WASHINGTON – Time was, overturning a freely elected government would have earned a sharp U.S. rebuke. But as people power revolts sweep some countries, Washington is increasingly giving its blessing to ousting leaders accused of betraying democracy.
From Egypt, where the nation’s first democratically elected president, Islamist leader Mohammed Morsi, was toppled in July by the army, to Ukraine, where Viktor Yanukovych, brought to power in 2010 polls, fled his post after months of street protests, the U.S. has had to fine-tune its response.
Indeed, U.S. Secretary of State John Kerry said bluntly this past week, “A democracy is not defined solely by an election.”
“You can have a democratically elected government but you don’t have democratically instituted reforms that actually give you a democracy — a full, practicing, functioning democracy,” Kerry told reporters. “And what you have in many places is a general election — a popular election, absent reform, present with great corruption, great cronyism and a huge distortion of democratic process.”
While at first glance, protests in Thailand and Venezuela may have nothing in common with the demonstrations against the elected leaders in Ukraine and Egypt, analysts and diplomats argue there is often a common core.
That core, Kerry said, is “an incredible yearning for modernity, for change, for choice, for empowerment of individuals that is moving across the world — and, in many cases, moving a lot faster than political leadership is either aware of or able to respond to.”
U.S. President Barack Obama warned Friday that a Russian military intervention in the post-Soviet state would “represent a profound interference in matters that must be determined by the Ukrainian people.”
French intellectual Jacques Attali, once an adviser to former President Francois Mitterrand, asked, “What are the people supposed to do when democracy has been betrayed by those they brought to power?”
“The people have to act, demonstrate, remind the leaders of their promises. And if they don’t succeed in convincing them, they have to bring them down,” wrote Attali in his blog for the French magazine L’Express.
Despite accusations from Venezuelan President Nicolas Maduro that the U.S. is fomenting unrest in his country, analysts see little direct involvement by Washington in triggering revolts — even if, such as in Ukraine, there later is an open American eagerness to help the struggle toward democracy.
The top U.S. diplomat for Europe, Victoria Nuland, even visited the protesters in Independence Square in Kiev in December to hand out bread in a high-profile show of support for their desire to move closer to Europe and away from the clutches of the communist authorities in Moscow, which since the end of the Cold War has had difficult ties with the U.S.
“It is accurate to say that where regimes violate human rights, move in that direction or are involved in corruption, that those patterns of behavior are viewed negatively by the U.S., the U.K. and other countries,” said Mark Schneider, senior vice president of the International Crisis Group.
“But I think that it is rare that they move from that judgment to support in any way violent activities. I think they are almost always somewhat surprised by the depth, power, determination to accept sacrifice by people in certain circumstances.”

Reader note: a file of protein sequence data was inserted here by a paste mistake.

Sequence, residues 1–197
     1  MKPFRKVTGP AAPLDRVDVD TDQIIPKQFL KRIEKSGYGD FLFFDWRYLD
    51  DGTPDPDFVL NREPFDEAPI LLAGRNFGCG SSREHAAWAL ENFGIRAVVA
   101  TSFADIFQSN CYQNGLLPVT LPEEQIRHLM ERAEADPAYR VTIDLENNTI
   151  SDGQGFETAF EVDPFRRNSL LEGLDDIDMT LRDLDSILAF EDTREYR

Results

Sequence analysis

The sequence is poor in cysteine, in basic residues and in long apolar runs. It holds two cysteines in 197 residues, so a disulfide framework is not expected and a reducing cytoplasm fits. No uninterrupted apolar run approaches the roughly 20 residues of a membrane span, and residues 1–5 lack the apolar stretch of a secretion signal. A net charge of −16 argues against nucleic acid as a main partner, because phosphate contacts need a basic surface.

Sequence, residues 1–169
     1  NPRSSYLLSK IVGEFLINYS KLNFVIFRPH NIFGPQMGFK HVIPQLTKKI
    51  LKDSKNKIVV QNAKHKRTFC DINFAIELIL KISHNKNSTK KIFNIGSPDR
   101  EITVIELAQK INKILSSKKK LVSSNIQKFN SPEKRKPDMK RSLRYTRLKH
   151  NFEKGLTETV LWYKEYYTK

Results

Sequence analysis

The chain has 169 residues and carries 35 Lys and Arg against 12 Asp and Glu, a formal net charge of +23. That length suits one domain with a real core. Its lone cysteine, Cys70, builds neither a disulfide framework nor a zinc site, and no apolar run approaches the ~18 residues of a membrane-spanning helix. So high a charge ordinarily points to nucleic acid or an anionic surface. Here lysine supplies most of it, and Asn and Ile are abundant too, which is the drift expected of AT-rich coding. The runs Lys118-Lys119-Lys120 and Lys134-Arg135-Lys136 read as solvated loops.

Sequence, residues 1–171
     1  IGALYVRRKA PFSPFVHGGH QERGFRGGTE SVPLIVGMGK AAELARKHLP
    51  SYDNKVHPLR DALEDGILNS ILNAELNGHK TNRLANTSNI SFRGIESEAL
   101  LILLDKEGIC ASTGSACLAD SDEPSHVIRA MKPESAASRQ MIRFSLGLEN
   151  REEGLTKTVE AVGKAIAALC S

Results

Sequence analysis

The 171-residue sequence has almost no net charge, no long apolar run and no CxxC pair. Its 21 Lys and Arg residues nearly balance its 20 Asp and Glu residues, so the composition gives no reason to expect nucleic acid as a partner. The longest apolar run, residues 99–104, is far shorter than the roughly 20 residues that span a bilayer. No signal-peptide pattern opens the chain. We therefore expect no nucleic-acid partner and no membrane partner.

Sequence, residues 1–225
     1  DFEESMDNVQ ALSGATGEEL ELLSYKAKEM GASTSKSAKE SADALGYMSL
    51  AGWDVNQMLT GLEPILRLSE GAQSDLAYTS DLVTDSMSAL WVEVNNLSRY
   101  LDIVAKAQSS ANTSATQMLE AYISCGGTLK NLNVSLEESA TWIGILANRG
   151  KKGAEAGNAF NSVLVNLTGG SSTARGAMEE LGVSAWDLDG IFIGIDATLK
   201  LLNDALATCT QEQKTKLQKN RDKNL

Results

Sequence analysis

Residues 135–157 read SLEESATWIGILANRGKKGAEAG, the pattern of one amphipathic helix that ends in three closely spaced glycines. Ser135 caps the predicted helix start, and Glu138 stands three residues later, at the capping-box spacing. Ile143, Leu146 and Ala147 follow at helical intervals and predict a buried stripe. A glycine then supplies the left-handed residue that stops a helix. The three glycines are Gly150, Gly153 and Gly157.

The situation in Thailand, a constitutional monarchy since 1932 where the king is highly revered, is somewhat unique.
Protesters have been pressing for Prime Minister Yingluck Shinawatra to step aside in favor of an unelected “people’s council” to introduce vaguely defined reforms such as tackling alleged corruption.
An anti-corruption panel is now pressing negligence charges against Yingluck that could lead to her removal from office and a five-year ban from politics.
But Paul Chambers, director of research at the Institute of South East Asian Affairs at Chiang Mai University, harked back to the radical philosophers of the early 20th century to draw parallels with a new “class conflict.”
“Dominant parties which continue to benefit from such (elite) systems are seen by mostly middle and upper classes as impediments to freedom and facilitators of corruption,” argued Chambers, while the lower classes have a more basic desire for empowerment found just by casting a vote.
“These clashing concepts of democracy and democratic legitimacy threatens to rapidly destabilize the political essence of mostly young democracies, reducing nations to potential civil war, a rebirth of tyranny and economic malaise,” argued Chambers.
Kerry called Friday for an investigation into “politically motivated” attacks that have left 23 people dead in Thailand, including four children, but he renewed assurances that Washington is not taking sides in the upheaval.
He had the same message for Venezuela, urging dialogue and revealing that the United States is working with its allies in South America to find an acceptable third party to help mediate an end to three weeks of often violent protests against Maduro’s lefist government.
“Unlike in Ukraine, right now in Venezuela there is no alternative power strong enough to initiate regime change,” said political science professor Carlos Romero from the Central University of Venezuela.
He bemoaned that so far there had been no international effort to end the violence, unlike the diplomatic flurry around Ukraine and Egypt — an absence he attributed to his country’s lack of geopolitical significance.